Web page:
Like so many other digital channels, email newsletters are constantly evolving. It’s up to publishers to stay on top of the latest changes. If you’re interested in sending better newsletters, then your email strategies should be optimized based on the latest, relevant data.
Ask yourself: Are you sending newsletters that people actually want to read? Could the engagement on your newsletters be improved?
To help put your best foot forward and start sending better newsletters, we dug into the research to uncover five data-based strategies for email newsletter optimization. However, it’s important to remember that a one-size-fits-all approach rarely works in the world of online magazine publishing. When it comes to best practices for sending better newsletters, it’s important to consider your audience and your goals.
Sending Better Newsletters: 5 Data-Driven Strategies
1. Develop Around the Email Client
Surveys tell us that people in 2021 are using a wide variety of email clients, and user behavior can vary quite a bit depending on which email client is being used. For example, a survey by Hubspot found that 28% of Apple Mail users read an email, compared to 57% of Android users. The more you understand about the email clients your readers are using, the more targeted you can be in your approach to optimization.
If you know that half of your subscribers are viewing your newsletters on an iPhone, then you’ll want to make sure the features in your newsletters are viewable on iOS devices. Trade publications and B2B publishers may notice that many readers are using Microsoft Outlook. Keep that in mind as you develop your newsletter design.
2. Design Scannable Emails
If you want to start sending better newsletters, it’s time to simplify. According to research from Litmus, 46% of people open their email on a mobile device — nearly 30% higher than email opens on desktop computers. The best way to appeal to mobile users is with a streamlined design that’s easy for the human eye to scan.
Newsletters that look like a repurposed template aren’t the answer here, even if they look more simplified than other designs. The data-driven approach to sending better newsletters tells us that publishers have the best engagement when they send newsletters that have been specially designed to appeal to readers on mobile devices, with plenty of white space and fonts that are easy to load.
3. Segmented Audiences
One of the biggest reasons why readers unsubscribe from business emails is because the content is no longer relevant. How can publishers combat that, to ensure that the content they’re sending in email newsletters is relevant to an audience with diverse interests and opinions?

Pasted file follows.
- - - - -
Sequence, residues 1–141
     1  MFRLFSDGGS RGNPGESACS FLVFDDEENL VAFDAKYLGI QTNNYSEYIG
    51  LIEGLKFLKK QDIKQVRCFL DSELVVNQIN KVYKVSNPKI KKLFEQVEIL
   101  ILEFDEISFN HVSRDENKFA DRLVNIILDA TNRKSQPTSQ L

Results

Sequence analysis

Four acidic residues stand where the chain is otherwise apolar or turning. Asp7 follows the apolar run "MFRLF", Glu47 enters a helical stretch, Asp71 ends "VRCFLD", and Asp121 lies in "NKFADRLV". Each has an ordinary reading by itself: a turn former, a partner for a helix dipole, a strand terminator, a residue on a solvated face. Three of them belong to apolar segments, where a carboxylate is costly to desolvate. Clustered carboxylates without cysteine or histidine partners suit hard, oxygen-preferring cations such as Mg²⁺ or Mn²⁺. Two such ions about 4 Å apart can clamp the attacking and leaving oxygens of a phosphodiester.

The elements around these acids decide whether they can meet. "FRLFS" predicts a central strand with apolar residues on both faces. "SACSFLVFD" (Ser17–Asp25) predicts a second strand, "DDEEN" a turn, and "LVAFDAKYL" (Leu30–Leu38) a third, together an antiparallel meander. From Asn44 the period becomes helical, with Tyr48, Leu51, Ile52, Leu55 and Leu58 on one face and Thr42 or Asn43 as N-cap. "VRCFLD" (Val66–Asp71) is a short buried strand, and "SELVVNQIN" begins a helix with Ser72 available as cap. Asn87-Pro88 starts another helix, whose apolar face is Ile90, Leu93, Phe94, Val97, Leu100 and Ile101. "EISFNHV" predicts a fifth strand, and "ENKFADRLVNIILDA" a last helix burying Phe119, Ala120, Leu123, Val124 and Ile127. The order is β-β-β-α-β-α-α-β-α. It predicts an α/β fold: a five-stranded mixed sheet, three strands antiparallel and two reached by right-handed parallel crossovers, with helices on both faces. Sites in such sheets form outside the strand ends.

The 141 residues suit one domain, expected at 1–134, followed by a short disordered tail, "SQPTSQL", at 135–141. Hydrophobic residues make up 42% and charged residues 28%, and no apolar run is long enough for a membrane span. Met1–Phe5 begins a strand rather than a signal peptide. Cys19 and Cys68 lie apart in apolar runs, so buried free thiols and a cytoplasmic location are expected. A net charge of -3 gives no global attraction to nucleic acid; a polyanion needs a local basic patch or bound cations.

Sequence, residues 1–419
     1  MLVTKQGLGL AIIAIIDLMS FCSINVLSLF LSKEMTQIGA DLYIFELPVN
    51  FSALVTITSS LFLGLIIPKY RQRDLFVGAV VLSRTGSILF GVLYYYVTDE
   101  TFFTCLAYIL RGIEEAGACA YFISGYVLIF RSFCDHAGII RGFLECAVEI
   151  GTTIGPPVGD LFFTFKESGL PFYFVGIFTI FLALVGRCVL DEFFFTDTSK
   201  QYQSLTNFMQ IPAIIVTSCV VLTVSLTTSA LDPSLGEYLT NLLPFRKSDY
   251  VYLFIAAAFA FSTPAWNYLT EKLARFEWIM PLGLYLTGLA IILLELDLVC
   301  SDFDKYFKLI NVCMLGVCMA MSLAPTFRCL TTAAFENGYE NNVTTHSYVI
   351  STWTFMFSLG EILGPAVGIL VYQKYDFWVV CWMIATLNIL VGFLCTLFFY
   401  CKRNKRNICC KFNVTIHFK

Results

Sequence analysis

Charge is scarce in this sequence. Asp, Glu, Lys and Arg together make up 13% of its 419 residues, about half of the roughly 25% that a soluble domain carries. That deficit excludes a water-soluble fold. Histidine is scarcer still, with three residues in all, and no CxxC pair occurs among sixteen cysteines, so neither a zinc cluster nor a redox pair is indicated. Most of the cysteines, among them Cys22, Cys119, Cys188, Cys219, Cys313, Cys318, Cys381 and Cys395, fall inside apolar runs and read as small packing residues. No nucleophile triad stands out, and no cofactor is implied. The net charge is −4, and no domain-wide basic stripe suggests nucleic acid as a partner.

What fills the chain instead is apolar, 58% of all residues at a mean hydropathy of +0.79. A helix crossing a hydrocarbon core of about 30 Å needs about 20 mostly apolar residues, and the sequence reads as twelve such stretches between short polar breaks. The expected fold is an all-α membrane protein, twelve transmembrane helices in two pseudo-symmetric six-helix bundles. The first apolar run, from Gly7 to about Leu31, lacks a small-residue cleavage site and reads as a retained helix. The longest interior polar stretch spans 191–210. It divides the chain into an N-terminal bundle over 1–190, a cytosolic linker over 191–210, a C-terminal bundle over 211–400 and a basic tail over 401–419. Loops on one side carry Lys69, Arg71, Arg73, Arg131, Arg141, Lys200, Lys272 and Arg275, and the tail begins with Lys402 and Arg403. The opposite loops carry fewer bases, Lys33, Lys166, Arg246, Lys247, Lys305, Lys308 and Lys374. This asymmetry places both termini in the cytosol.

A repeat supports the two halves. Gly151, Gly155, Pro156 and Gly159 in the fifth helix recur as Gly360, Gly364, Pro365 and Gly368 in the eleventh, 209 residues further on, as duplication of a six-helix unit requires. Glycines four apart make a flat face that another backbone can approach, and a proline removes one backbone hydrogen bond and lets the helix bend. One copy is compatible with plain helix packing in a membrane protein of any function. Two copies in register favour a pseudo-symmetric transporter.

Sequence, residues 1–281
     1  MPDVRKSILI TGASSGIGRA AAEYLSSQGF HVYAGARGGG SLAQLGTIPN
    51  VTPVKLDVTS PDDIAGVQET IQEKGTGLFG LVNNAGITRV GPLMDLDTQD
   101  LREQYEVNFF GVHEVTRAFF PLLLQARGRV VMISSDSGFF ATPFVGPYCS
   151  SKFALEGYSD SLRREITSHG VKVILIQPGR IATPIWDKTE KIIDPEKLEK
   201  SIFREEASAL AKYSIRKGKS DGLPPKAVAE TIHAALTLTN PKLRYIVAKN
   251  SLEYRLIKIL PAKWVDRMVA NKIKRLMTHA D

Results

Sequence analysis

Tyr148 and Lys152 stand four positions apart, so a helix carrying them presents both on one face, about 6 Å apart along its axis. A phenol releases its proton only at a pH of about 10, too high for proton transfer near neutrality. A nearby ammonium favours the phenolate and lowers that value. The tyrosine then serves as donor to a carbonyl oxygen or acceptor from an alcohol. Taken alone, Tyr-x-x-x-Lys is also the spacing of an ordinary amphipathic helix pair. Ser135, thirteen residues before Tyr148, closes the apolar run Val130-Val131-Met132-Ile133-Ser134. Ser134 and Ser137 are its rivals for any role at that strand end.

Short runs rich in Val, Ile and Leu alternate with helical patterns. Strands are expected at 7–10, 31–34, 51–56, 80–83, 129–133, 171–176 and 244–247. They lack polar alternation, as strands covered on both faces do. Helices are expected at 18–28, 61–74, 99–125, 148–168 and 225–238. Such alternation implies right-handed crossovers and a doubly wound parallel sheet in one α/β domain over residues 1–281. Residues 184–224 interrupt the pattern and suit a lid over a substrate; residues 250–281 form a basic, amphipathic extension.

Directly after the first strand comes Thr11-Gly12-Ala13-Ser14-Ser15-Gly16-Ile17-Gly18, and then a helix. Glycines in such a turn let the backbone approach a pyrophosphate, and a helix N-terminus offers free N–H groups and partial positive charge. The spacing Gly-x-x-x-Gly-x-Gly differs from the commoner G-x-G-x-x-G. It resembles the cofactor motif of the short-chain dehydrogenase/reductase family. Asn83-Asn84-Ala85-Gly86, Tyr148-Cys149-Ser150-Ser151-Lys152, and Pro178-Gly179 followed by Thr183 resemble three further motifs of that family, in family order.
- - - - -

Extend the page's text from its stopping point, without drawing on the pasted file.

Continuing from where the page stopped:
One way is by segmenting audiences and creating multiple email lists. Rather than sending one email newsletter to your entire list of subscribers, segment your subscribers based on their interests or demographics. Then, you can create multiple versions of your newsletters that appeal to those groups directly. The specifics here will depend on the publication. However, a good example of the targeted approach to email optimization might be a regional magazine that sends city-specific newsletters based on a subscriber’s location.
4. Personalized Subject Lines
Emails with personalized subject lines are 26% more likely to be opened. Sending newsletters with relevant subject lines is an effective strategy to increase subscriber retention and email engagement.
Personalized subject lines often include an inserted keyword or detail that’s relevant to the individual subscriber. An example of this might be including the subscriber’s name or location in the subject line. The best place to collect the information you would use in personalized email targeting is on your email sign up form.
The most popular email automation platforms all include personalization tags that publishers can add to their newsletters based on the subscriber field data they have collected during the sign up process. Email recipients don’t see the personalization tag, they just see their name, or other personalized detail, as part of the text in the subject line.
5. Personality Equals Engagement
When it comes to email newsletter engagement, personality gets clicks. News round ups and email blasts that add context perform better than newsletters with generic lists of headlines and links. The more a reader feels like the email is written directly for him, the more likely the reader is to engage with the content.
Surveys make it clear that publishers benefit from using a conversational tone in email newsletters. B2B magazines and trade publications, in particular, see an increase in engagement when they adopt a more conversational tone.
To learn more about email newsletters, read The Must-Have Business Tools for Newsletter Publishers.